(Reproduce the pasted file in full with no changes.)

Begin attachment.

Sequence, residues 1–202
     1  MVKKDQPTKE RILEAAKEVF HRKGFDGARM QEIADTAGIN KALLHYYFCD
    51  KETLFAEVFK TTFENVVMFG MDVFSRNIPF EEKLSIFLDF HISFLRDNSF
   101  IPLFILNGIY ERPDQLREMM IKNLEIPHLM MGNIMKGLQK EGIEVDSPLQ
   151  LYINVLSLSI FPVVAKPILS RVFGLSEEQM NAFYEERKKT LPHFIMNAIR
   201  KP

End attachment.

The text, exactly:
Sequence, residues 1–202
     1  MVKKDQPTKE RILEAAKEVF HRKGFDGARM QEIADTAGIN KALLHYYFCD
    51  KETLFAEVFK TTFENVVMFG MDVFSRNIPF EEKLSIFLDF HISFLRDNSF
   101  IPLFILNGIY ERPDQLREMM IKNLEIPHLM MGNIMKGLQK EGIEVDSPLQ
   151  LYINVLSLSI FPVVAKPILS RVFGLSEEQM NAFYEERKKT LPHFIMNAIR
   201  KP